• In the case of Lloyds Bank v Rosset [1988] 3 All ER 915, the relevant date to determine actual occupation was affirmed – being at the date of transfer or creation of estate, rather than its registration.

Facts of Lloyds Bank v Rosset [1988] 3 All ER 915

  • D’s husband bought a home for himself and his wife to reside in
  • He took out a mortgage with the C bank
  • The common intention of the parties was that the home’s renovation would be a joint venture, and the D wife had a beneficial interest in the property under a constructive trust
  • D spent almost every day helping the builders, she was unaware that her husband had successfully applied for an overdraft for the purchasing and repairs
  • This meant D did not contribute to either the purchasing of the home, nor the repairs
  • The husband made no payments to C, the payment defaulted, and they sought possession of the property and an order for its sale
  • D argued this could not happen due to her overriding interest in the property under s70 of the Land Registration Act 1925

Issues in Lloyds Bank v Rosset [1988] 3 All ER 915

  • Did the D, who did not make monetary contributions to the home, have an overriding interest?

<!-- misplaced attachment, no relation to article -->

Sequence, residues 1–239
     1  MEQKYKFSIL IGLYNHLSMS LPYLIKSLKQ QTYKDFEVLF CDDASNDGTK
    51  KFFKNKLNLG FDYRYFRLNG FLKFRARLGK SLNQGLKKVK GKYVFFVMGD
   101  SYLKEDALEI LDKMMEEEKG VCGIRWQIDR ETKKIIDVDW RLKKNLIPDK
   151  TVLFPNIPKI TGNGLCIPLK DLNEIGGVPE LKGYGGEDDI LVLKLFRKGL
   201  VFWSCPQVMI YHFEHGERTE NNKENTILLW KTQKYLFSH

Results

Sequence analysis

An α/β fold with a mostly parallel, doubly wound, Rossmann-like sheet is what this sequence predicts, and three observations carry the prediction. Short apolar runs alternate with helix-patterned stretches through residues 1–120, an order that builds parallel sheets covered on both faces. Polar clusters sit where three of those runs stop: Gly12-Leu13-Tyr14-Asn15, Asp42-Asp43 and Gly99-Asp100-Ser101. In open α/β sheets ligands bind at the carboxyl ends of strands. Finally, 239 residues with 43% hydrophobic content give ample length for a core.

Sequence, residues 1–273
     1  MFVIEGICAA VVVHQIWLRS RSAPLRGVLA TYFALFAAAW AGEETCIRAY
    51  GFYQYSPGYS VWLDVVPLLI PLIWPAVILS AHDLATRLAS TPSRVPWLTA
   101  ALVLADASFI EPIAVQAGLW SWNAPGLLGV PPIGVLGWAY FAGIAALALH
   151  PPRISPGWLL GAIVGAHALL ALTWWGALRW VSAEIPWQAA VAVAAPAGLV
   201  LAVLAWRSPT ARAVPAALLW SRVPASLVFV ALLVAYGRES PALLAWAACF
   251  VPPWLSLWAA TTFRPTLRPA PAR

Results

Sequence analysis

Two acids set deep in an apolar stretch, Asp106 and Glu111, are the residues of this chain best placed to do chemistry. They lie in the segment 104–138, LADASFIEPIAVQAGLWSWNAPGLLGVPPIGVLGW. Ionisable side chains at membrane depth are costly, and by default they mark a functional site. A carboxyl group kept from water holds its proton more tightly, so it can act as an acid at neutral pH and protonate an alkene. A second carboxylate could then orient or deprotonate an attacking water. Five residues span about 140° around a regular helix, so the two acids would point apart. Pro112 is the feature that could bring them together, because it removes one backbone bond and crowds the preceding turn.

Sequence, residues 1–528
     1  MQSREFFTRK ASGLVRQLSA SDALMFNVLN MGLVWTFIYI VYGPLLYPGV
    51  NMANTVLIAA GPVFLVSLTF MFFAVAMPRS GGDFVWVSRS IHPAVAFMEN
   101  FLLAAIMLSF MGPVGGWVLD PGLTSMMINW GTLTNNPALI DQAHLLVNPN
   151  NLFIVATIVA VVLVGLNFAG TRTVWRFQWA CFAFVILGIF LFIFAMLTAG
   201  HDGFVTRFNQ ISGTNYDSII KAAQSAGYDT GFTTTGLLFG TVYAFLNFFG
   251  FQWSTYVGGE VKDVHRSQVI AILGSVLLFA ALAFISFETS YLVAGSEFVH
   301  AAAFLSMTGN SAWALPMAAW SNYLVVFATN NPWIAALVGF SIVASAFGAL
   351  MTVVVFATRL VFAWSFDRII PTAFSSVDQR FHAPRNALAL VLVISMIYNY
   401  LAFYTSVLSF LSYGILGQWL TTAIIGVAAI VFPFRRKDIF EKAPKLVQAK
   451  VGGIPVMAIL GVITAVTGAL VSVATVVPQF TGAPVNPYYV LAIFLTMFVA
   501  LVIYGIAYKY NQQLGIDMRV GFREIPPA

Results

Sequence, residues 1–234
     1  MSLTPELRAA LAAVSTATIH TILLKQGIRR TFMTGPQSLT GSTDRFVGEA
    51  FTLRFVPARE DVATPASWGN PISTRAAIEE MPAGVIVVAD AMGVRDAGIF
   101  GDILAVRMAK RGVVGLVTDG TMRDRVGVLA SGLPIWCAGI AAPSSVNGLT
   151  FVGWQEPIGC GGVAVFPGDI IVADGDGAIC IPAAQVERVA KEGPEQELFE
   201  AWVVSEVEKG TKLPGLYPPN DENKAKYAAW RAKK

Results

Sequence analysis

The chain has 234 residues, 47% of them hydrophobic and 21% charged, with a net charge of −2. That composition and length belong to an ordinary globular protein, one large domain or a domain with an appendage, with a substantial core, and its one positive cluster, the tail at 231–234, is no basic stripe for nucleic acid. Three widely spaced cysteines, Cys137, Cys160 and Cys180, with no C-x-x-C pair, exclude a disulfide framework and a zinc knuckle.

• Was she in actual occupation at the time the mortgage was taken out?

Held by the Court of Appeal

D had an overriding proprietary interest in the property, she held a beneficial interest in the home and was found to be in actual occupation at the time of the mortgage agreement.

Lord Justice Nicholls

Recognised the difficulty in understanding what to make of “the interval between execution of a transfer or mortgage and registration” [922]

“If a person is intending to move into a house but has not yet done so, he would not normally be regarded as having gone into occupation. That is the normal position with a house which is fit for living in. But that does not provide the answer in the present case, where the house was semi-derelict.” [925]

Lord Justice Mustill dissenting

Mustill LJ did not believe D to have an overriding interest, going as far as to say:

  • “Even if the statute had referred to no more than ‘occupation’, and even if the various clues to the meaning of para (g) to which I have previously referred had not been available, I would still have held that the wife was preparing the home for occupation, but was not in occupation on the relevant date and with these further considerations added, I conclude with less hesitation (although acknowledging the difficulty of the issue) that the wife did not have an overriding interest within the meaning of s 70(1)” [942]

Editorial comment

This only concerned the issue of actual occupation. The House of Lords deemed that the D had no beneficial interest.